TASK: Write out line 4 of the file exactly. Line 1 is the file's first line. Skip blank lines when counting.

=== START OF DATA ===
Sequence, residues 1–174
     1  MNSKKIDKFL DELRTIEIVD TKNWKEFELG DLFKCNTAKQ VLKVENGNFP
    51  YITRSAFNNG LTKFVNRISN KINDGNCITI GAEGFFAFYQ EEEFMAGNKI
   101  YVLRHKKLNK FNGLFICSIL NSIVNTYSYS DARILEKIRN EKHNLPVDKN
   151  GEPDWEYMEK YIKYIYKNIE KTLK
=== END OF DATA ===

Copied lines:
   101  YVLRHKKLNK FNGLFICSIL NSIVNTYSYS DARILEKIRN EKHNLPVDKN